Our Easter celebration was strange this year. I’m sure yours was as well. We heard the resurrection account and an Easter sermon, sang all of our favorite Easter hymns, and rejoiced that He is risen. (He is risen indeed! Alleluia!) But we worshipped in our living room, separated from our church family. We enjoyed a traditional Easter dinner of ham and cheesy potatoes, but there were fewer faces around the table and more leftovers than there normally would be. We saw many of our loved ones; in fact, we saw more of them than we would normally see on Easter. But we saw their faces on a screen, not in person. As if all of this were not enough, here in southern Minnesota this completely bizarre Easter unfolded against the backdrop of a snowstorm. Four to six inches of snow would have been the thing we would remember about any other Easter; this year, it’s just one more thing.
This isn’t the Easter I wanted. Snow? Really?
And yet, how beautiful.
Though your sins are like scarlet, they will be as white as snow.
Though they are as red as crimson, they will be like wool.
I wanted trumpets and sunshine and rejoicing. A house packed full of extended family. Cousin Easter egg hunts, games, laughter. God gave me a quiet day of remembrance at home with my husband and children. The peaceful leisure of nowhere to be. A world robed in white like my ransomed soul; a gorgeous image of the message of Easter.
Even as I recognize and appreciate the many blessings God continues to shower on me, I long for normalcy. And that is not wrong. It is good to long to be in God’s house. It is good to long to join with the body of Christ. And the big family dinners and the egg hunts and the bright, sunny days—those are good gifts of God too, gifts worthy of our longing.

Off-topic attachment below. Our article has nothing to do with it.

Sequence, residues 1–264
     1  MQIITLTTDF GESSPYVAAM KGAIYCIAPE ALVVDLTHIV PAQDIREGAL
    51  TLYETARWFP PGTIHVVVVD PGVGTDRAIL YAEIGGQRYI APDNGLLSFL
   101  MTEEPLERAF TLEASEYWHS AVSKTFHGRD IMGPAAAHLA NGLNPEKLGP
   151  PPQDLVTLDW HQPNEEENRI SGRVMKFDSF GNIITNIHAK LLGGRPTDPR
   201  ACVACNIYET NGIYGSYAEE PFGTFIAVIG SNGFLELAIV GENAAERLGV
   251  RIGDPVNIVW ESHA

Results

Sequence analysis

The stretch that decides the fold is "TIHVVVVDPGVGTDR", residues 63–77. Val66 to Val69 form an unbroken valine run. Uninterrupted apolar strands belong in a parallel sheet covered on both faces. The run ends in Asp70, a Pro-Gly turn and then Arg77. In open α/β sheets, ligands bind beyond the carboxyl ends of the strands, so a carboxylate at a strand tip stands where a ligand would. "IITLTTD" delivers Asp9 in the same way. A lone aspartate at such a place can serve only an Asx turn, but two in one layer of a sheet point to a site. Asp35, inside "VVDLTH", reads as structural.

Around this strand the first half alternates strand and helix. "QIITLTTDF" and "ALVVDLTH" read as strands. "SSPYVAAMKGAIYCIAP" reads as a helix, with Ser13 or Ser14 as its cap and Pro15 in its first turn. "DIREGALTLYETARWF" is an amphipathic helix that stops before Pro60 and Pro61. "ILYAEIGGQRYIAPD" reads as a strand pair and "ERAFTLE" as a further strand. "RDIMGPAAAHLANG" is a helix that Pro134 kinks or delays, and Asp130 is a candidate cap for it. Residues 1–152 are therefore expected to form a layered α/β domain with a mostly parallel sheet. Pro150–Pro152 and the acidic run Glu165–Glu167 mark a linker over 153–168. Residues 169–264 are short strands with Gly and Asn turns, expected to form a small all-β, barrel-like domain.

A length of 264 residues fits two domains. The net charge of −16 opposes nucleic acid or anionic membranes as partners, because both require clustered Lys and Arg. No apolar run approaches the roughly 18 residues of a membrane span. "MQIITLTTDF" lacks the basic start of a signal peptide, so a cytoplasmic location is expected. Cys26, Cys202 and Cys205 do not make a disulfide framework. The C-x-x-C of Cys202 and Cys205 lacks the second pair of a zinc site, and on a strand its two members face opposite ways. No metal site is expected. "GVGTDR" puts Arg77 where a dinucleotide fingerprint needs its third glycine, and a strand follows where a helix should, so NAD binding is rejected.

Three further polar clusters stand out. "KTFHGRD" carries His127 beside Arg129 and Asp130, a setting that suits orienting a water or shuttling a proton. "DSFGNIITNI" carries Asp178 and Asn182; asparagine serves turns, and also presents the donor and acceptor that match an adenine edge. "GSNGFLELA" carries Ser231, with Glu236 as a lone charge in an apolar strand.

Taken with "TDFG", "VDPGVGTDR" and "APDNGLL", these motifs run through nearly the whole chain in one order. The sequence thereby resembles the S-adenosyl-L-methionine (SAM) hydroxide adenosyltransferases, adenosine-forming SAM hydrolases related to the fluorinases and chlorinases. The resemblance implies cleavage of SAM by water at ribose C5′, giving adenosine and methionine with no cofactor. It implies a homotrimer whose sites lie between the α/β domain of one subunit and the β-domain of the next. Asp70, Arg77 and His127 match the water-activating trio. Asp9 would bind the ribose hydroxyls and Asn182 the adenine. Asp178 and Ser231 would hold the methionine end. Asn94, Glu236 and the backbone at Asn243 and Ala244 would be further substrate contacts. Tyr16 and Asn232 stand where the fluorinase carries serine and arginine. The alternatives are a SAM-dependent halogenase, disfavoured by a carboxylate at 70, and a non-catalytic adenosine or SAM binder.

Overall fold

We each have our own list of normal things we miss dearly, things that we are longing for right now. But there is one thing missing from my list that is probably near the top of the list for most of the people I know and love. So many of you are longing for school. Real school. Normal school. I think about you daily, and I want you to know that I want you to have normal school back too.
I’ve chosen to educate my children at home, but that doesn’t mean that I think another parent’s choice to entrust their child’s education to a school is wrong. You are the parent and you know your kids, their needs, and your goals for them. I trust your judgement, and I want your family to be able to live out the educational and career choices you have made. I want you to be able to enjoy all the benefits and blessings that you normally receive through your school. I am so sad for all the losses you and your kids are experiencing. They are many and significant. I’m sad for the difficulty of the task being asked of you, both of teachers and of parents, and the stress and pressure that I know many of you must be feeling.
I am profoundly sad for my congregation and for our school. Our kids may not attend, but it is still our school. We love our school. Now, we watch our principal’s grace-filled chapel recordings and I ache for the loss our friends are feeling. We feel this loss with you. It is a loss for the body of Christ, and we grieve for our members.
I hope that there are many moments of joy for you and your family in the midst of this. It is not what you want, but I hope you see unexpected blessings. I hope that you have found and continue to find strategies that help you to thrive. But also I hope, like you do, for an end to this disruption of all of the blessings that families receive through their schools.
Amanda Moldstad is a co-founder of the Lutheran Homeschool Association. She and her husband, John, homeschool their five children in Brooklyn Park, Minnesota.